We talk a lot at Luther about supporting a “biblical imagination” — but rarely do I see it practiced. Mary Hinkle has a great example in her PilgrimPreaching weblog, where she imagines a more fullsome rendering of the meeting of Jesus and the Canaanite woman who pleads for her daughter:
Did you teach the Teacher? Yes, I'm sure you did. Because of you and your fierce need, Jesus himself came to see his life’s work bigger than before. What he had not thought to look for in anyone like you, he saw: faith. He saw your tenacious conviction that he could help, and amazed, he did.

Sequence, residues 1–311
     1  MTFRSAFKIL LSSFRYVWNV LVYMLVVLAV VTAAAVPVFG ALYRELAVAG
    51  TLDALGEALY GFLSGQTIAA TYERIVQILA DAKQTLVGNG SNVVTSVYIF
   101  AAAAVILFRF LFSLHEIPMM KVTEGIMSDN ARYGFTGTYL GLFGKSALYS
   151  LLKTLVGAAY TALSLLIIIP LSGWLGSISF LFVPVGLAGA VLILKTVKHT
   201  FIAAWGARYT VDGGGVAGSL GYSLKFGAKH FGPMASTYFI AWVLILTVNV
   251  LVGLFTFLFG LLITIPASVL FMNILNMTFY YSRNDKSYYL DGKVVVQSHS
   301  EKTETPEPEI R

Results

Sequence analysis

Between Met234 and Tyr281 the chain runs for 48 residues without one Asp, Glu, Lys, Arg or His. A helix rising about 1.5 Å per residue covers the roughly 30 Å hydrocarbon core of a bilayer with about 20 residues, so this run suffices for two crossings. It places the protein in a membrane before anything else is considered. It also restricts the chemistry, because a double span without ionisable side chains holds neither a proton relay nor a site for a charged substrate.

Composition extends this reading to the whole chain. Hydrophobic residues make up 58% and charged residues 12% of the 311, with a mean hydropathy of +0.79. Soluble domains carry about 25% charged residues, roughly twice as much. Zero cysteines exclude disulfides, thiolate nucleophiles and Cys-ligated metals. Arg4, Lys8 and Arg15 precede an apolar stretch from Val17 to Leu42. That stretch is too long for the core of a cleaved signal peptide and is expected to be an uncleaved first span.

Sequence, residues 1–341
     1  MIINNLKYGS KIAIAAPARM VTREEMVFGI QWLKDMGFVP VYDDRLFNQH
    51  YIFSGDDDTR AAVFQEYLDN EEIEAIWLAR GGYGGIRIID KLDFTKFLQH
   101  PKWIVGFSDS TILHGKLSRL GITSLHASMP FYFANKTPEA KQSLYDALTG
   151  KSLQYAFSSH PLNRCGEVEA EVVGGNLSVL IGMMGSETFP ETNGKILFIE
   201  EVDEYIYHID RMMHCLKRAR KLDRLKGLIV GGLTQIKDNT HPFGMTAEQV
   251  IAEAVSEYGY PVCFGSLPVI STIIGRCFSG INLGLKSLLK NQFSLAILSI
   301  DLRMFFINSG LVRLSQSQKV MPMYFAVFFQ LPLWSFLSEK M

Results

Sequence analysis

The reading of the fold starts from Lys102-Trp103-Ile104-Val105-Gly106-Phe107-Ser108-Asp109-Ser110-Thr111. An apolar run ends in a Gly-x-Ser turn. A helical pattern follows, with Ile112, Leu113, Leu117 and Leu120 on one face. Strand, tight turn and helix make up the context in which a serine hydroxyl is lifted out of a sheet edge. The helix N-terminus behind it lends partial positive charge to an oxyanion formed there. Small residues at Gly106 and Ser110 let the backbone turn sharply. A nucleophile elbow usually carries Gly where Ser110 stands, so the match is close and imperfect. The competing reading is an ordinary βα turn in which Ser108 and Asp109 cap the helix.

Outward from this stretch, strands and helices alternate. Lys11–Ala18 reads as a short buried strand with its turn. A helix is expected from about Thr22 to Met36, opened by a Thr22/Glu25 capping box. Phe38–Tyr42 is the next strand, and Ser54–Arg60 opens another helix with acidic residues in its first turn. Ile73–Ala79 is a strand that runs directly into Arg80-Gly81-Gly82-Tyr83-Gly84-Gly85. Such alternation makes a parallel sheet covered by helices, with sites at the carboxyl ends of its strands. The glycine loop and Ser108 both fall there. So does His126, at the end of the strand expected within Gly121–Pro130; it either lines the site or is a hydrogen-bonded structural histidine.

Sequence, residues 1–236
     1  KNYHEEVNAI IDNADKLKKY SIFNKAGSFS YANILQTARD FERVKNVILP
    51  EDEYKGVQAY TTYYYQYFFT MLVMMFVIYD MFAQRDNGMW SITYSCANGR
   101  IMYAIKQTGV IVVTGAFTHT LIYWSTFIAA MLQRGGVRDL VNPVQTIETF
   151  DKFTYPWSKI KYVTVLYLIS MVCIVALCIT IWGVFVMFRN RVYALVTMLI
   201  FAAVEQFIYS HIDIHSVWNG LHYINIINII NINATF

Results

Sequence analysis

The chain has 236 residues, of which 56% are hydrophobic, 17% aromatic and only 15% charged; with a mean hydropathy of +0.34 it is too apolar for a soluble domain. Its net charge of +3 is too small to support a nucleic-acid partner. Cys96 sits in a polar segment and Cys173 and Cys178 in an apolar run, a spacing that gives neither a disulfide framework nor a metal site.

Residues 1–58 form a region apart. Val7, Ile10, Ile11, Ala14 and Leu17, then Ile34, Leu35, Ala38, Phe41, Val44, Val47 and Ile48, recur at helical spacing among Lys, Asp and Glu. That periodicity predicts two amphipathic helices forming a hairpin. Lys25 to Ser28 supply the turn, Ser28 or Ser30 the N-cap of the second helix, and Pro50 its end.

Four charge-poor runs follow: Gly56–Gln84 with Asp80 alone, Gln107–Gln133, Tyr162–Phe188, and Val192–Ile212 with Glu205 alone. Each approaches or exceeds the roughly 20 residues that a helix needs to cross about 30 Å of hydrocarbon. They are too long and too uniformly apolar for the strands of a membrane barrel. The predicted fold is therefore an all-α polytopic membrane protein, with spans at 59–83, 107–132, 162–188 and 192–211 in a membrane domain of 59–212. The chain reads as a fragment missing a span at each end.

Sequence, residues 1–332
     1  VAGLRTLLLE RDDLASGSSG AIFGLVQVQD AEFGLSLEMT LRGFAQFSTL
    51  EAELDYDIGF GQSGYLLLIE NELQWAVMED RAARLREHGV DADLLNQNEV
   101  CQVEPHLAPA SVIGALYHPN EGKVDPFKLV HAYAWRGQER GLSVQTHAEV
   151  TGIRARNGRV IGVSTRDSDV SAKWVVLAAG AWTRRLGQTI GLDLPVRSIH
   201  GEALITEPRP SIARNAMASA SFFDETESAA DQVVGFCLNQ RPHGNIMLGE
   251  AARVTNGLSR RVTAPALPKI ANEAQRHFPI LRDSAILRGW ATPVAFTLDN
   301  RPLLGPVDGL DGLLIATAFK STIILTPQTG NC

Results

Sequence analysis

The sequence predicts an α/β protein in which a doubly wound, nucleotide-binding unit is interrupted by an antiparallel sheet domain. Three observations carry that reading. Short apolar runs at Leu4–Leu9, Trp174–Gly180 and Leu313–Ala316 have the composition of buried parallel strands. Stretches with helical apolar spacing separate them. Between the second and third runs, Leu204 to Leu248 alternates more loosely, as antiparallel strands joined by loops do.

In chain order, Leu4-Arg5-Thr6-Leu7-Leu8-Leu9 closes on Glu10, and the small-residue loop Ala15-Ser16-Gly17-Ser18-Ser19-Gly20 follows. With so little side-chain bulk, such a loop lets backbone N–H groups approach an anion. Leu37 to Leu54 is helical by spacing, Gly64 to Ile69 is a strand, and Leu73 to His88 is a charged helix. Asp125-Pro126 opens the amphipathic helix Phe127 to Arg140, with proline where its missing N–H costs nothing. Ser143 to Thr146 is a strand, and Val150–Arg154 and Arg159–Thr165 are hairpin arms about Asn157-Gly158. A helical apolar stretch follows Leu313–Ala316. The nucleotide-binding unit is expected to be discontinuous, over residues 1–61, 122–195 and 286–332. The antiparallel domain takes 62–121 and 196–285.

I have thought that fear makes it impossible to imagine things. "Perfect fear casts out all imagination," I have thought. But you were afraid—you must have been afraid of the demon and of your daughter’s suffering—you could be afraid and see a new thing—healing—at the same time. You saw it and you showed it to Jesus and the rest of us.
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